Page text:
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LEGISLATIVE INTERPRETATIONS

OCCUPATIONAL HEALTH AND SAFETY ACT

Biological, physical and chemical agents – Definition and reporting requirements

Topic: Biological, Physical and Chemical Agents – Definition and Reporting Requirements Issued By: V.P. WorkSafe Services
Statute: Occupational Health and Safety Act Date Issued: January 10, 2006
Sections, subsection, paragraph: 9(2)(b), 13, 42, 43(4) Date Revised: March 7, 2014

9(2) Without limiting the generality of the duties under subsection (1), every employer shall

(b) acquaint an employee with any hazard in connection with the use, handling, storage, disposal and transport of any tool, equipment, machine, device or biological, chemical or physical agent;

13 Every supplier shall

(a) take every reasonable precaution to ensure that any tool, equipment, machine or device or any biological, chemical or physical agent supplied by him


i) is reasonably safe when used as directed by the supplier or in accordance with the directions supplied by the supplier, and


ii) complies with this Act and regulations;

(b) provide directions respecting the safe use of any tool, equipment, machine or device or any biological, chemical or physical agent obtained by an employer to be used at a place of employment by employees; and

(c) ensure that any biological, chemical or physical agent supplied by him is labelled in accordance with the applicable federal and provincial regulations.

42(1) Every employer at a place of employment shall prepare a list, in co-operation with the committee at the place of employment, if one exists, of all biological, chemical or physical agents used, handled, produced or otherwise present at the place of employment which may be hazardous to the health or safety of employees or which are suspected by the employees of being hazardous.

42(2) For every biological, chemical or physical agent listed under subsection (1), other than a controlled product, the employer shall take all reasonable steps to ascertain from suppliers or otherwise and shall record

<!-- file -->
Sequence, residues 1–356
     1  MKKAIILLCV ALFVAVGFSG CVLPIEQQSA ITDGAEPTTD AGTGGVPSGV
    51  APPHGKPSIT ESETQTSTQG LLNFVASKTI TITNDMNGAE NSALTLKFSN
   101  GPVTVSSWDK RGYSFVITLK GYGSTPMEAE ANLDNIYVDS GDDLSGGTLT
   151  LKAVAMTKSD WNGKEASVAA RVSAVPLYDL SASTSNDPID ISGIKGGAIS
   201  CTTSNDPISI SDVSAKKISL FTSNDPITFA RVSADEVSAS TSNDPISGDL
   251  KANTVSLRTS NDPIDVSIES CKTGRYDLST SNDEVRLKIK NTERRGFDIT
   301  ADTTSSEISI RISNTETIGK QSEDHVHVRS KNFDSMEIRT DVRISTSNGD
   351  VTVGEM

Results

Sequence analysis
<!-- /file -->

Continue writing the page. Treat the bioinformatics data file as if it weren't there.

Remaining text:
(a) the ingredients thereof and their common or generic name or names;

(b) the composition and the properties thereof;

(c) the toxicological effect thereof;

(d) the effect of exposure thereto whether by contact, inhalation or ingestion;

(e) the protective measures used or to be used in respect thereof;

(f) the emergency measures used or to be used to deal with exposure in respect thereof; and

(g) the effect of the use, transport, storage and disposal thereof.

42(4) Where the employer is unable to ascertain the ingredients or composition of any biological, chemical or physical agent listed under subsection (1), other than a controlled product, he shall promptly provide the Commission with the trade name, and the name and address of the manufacturer of the substance.

43(4) The employer shall notify the Commission immediately if

      (a) an accidental explosion or an accidental exposure to a biological, chemical or physical agent occurs at a place of employment, whether or not a person is injured;

Question
What is the difference between biological, chemical and physical agents and what exposure do I need to report under subsection 43(3) of the OHS Act?

Response
Biological agent is a term used to describe microorganisms that are biological in nature and origin, to which exposure in sufficient quantities and duration may result in illness or injury to human health. Biological agents include bacteria, viruses, fungi and parasites or parts thereof or products they generate. Reporting exposures to common agents such as cold and common influenza is not required.

Chemical agent is a term used to describe all chemical elements and compounds in a natural state or in a processed state and their byproducts, the exposure to which in sufficient quantities and duration may result in illness or injury to human health.

Physical agent is a term used to describe energies, the exposures to which in sufficient quantities and duration may result in illness or injury to human health. Physical agents include noise, ionizing or non-ionizing radiation, extremes in temperature and pressure, vibration, electric and magnetic fields.

Reporting accidental exposures to biological, chemical or physical agents needs to take into account:

  • The seriousness of the health hazard.
  • The nature of work and circumstances:
    • whether the exposures are anticipated and control measures are in place and
    • whether the exposure was a result of failure of such measures.
  • The physical state and/or quantity of the agent to which the employee was exposed.
  • For biological agents:
    • whether the agent can result in an infection and
    • whether the etiology of the agent is fully known or understood.

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